Starting on a documentation project from scratch has benefits and pitfalls. Assuming that you don't have the time or budget to establish a fully-blown project with specialist consultants, you could approach this in two distinct ways:
- Hire a Technical Writer/Content Author to establish your documentation workflow
- Model your workflow on an established methodology
Most major software houses model their documentation teams around a methodology that eventually spins out their own unique products. This is why the Microsoft Style Guide is as popular as the Chicago Manual of Style in some companies, and why companies such as IBM have their own training systems for technical writers. One text that you will find referred to a great deal is Managing Documentation Projects by JoAnn Hackos. This book alone should give you an understanding of a solid end-to-end process for documentation.
Another useful resource is other experienced technical writers. Lana Brindley is one of my colleagues at the software house that I work at, and has written some very insightful posts on the experience you're about to undertake. Lana is a regular guest speaker on the topic of documentation. Getting in touch with specific technical writers will help you in the long run (just as hiring one for a consultation period might help get you ahead of the potential start-up issues).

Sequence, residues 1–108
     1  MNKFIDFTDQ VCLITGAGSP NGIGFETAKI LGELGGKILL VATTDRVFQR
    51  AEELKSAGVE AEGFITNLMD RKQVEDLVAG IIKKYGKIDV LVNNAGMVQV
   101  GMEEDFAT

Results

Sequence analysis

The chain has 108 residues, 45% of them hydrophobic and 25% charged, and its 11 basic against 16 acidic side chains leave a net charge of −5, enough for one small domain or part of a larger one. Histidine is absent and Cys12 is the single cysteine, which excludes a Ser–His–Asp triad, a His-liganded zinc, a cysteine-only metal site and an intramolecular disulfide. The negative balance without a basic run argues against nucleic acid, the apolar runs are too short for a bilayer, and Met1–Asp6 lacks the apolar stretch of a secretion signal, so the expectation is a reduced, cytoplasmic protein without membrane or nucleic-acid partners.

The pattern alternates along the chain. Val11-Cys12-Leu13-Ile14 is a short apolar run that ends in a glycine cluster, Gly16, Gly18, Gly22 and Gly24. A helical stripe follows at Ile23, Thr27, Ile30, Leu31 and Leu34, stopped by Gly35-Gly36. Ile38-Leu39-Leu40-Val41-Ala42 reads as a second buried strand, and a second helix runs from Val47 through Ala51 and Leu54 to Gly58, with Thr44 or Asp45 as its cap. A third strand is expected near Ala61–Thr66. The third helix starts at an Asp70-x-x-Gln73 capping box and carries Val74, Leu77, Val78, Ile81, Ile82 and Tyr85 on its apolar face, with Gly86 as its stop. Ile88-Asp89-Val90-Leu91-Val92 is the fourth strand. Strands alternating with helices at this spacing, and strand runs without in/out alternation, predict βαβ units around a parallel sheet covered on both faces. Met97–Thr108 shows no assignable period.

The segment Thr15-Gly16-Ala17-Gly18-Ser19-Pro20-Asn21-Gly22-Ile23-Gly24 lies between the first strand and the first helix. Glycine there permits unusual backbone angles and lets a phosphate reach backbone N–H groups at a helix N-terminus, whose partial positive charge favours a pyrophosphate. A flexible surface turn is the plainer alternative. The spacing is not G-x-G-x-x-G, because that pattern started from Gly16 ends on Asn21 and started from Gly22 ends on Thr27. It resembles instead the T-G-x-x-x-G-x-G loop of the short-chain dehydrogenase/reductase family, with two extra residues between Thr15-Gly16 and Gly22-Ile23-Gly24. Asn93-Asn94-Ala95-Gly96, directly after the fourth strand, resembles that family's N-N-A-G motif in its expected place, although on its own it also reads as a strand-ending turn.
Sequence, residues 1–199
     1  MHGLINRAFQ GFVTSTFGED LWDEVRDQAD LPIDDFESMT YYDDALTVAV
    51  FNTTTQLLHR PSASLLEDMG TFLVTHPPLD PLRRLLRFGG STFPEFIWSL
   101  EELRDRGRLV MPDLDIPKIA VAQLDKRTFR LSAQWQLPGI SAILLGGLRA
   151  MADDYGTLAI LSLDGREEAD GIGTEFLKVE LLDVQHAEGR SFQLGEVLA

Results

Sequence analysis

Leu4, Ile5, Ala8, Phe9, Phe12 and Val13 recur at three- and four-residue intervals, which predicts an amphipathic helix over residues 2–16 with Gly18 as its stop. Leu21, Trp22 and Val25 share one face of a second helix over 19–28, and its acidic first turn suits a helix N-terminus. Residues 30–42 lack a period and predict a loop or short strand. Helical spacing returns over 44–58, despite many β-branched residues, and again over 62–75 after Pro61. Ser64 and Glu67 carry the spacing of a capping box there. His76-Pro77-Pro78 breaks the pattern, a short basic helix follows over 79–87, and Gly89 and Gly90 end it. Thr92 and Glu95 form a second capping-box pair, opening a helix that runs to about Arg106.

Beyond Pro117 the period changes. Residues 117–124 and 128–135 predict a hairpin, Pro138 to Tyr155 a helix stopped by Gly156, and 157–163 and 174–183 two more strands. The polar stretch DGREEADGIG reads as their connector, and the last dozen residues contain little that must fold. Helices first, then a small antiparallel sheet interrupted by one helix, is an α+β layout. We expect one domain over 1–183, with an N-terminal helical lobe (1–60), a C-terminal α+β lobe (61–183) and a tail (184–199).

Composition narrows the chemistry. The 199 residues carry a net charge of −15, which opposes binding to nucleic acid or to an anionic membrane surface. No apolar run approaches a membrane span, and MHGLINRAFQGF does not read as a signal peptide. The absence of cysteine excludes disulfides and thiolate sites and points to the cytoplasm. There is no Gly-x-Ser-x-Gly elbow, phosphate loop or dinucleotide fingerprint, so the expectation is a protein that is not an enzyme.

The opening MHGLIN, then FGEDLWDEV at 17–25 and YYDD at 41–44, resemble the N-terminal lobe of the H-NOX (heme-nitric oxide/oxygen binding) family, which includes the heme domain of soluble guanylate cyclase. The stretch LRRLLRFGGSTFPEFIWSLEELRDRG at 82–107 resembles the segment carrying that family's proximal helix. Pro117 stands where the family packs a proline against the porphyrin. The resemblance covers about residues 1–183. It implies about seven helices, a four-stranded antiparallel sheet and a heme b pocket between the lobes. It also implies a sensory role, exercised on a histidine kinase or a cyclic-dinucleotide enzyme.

And then there's the tools. Stack Overflow has some great discussions on toolchains and workflows. From what you're working on I assume that you have some coding experience, which would be an advantage as you would "get" the concept of version control systems. The "vanilla" route for casual documentation would be "Microsoft Word and coffee", but you're going to need a toolchain that can handle multiple authors, version control, and ideally single-source publishing to multiple output formats. Rules out Word, doesn't it?
I gave an example in another Stack Overflow question of a tool-chain using Subversion, DocBook XML and Publican to write, control, and publish entire documentation suites. It is, as mentioned, what I use in the office (minus a few in-house sprinkles of magic). That's essentially an entire enterprise documentation methodology available as open source. Good luck!